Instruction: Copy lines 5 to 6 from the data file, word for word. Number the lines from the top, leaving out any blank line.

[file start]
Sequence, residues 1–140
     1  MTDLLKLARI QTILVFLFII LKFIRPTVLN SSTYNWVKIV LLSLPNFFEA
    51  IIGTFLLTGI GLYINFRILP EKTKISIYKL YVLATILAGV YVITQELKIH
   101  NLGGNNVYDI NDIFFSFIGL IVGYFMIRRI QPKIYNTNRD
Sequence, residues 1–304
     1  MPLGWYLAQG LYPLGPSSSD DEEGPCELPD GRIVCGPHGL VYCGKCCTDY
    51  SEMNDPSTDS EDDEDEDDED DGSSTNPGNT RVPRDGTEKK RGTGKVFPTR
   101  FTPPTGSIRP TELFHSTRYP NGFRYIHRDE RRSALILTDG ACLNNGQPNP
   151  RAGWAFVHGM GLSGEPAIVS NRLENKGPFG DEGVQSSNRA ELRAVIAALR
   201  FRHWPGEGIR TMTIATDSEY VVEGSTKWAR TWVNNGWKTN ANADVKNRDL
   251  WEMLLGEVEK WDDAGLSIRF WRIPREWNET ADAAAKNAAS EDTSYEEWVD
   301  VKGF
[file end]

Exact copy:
Sequence, residues 1–304
     1  MPLGWYLAQG LYPLGPSSSD DEEGPCELPD GRIVCGPHGL VYCGKCCTDY